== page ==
If you want to get your writing done, try to tackle it first thing in the morning, when you have a better chance of being productive. That way, you can tick it off your list and you don’t have to stress about when you will fit it in to your day. You can build in some little rewards because, let’s face it, waking up early is not always a joy.
Before you go to sleep…
Set out your notebook and pen next to your bed. If you don’t like to write in bed, set these out on your desk or the kitchen table the night before.
Perhaps it’s not a great idea to use your laptop, because you will be tempted to check your email, social media or bank balance. (Checking your bank balance is always dangerous when you’re a writer, isn’t it?)
▌Your reward: Treat yourself to a chapter of a good book before you turn out the light. It will not only relax you, but inspire you too.
Hello, early bird
Set your alarm clock an hour earlier than usual. If this is too drastic, try a half an hour earlier.
Use this time to write and nothing else but write. Writing free hand, you will be less tempted to go back and edit, which is a danger when you are using your word processor.
▌Your reward: Treat yourself to a frothy cappuccino or mug of your favourite herbal tea.
If you can find 10 or 15 minutes before lunch time, take a break from your desk. Take the pages you wrote in the morning and do a light edit – jot down ideas in the margin of the page, rework a phrase or add a paragraph or two.
▌Your reward: Treat yourself to a smoothie or a healthy snack, or listen to some music on your iPod or phone as you edit.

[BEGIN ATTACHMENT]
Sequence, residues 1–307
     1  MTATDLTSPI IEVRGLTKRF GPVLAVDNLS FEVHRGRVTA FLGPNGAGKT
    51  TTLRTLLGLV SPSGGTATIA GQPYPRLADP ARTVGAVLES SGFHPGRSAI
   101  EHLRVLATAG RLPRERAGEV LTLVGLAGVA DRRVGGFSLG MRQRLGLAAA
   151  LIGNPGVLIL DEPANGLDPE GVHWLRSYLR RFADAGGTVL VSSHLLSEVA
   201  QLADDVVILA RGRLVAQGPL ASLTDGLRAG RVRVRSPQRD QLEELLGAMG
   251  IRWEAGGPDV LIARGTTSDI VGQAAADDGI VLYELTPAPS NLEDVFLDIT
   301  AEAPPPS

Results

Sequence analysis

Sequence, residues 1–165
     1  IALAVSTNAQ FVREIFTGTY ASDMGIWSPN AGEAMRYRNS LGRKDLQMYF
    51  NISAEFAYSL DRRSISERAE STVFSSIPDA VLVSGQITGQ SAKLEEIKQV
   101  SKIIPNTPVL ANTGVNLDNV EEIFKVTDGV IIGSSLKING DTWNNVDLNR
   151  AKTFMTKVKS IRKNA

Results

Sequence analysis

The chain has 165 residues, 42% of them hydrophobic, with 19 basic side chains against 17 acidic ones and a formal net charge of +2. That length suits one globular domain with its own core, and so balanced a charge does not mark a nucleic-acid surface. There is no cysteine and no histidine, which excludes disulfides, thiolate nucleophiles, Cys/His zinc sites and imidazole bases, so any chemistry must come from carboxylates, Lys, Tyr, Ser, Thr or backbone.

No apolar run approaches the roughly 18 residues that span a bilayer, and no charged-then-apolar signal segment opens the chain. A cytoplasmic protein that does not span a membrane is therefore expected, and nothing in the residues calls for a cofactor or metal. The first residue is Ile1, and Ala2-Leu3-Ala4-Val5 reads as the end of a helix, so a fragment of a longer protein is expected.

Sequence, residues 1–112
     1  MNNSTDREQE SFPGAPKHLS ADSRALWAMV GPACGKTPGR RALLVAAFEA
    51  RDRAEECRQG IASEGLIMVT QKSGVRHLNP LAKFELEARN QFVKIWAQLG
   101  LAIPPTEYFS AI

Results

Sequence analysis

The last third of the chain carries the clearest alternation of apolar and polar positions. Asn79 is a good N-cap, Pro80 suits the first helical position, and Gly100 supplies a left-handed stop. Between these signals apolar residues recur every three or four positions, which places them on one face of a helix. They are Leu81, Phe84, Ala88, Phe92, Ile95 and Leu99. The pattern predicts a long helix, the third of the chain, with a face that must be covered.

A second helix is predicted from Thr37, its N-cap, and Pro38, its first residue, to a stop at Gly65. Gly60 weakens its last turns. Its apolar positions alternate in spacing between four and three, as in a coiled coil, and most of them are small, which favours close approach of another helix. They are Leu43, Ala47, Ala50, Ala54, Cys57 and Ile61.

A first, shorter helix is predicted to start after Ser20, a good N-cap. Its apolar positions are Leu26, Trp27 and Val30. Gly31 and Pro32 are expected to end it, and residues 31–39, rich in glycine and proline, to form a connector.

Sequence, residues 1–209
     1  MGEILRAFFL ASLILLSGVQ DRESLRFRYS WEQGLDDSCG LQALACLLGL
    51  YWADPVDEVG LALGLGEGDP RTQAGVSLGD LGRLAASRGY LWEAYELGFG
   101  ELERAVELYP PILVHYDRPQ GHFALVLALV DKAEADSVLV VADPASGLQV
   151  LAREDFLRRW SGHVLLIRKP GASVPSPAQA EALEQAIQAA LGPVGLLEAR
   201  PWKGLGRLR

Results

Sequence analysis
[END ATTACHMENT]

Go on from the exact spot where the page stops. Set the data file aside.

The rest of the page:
On a Saturday morning, wake up at the same time you did during the week. It pays to be consistent.
Take your handwritten pages and transcribe these onto your laptop or computer. Add in the edits or revisions you made during your mid-day break, but don’t be tempted to rewrite everything. The main thing is to keep the momentum going.
▌Your reward: Treat yourself to a movie or your favourite sitcom, or indulge in a short nap in the afternoon.
Having a consistent and familiar ritual will help you become a more productive writer. At the end of the month, print out everything you have on your novel or story and do a second round of edits.
If you enjoyed this post, read:
- Make The Most Of A Scene Through The Senses – With A Simple List
- Has Technology Changed The Way We Write Modern Fiction?
- Colour Your Writing With Synaesthesia
- Ripped From The Headlines: Writing The Topical Novel
- Revive Dull Descriptions With Simple Tweaks In Viewpoint
Join our online course: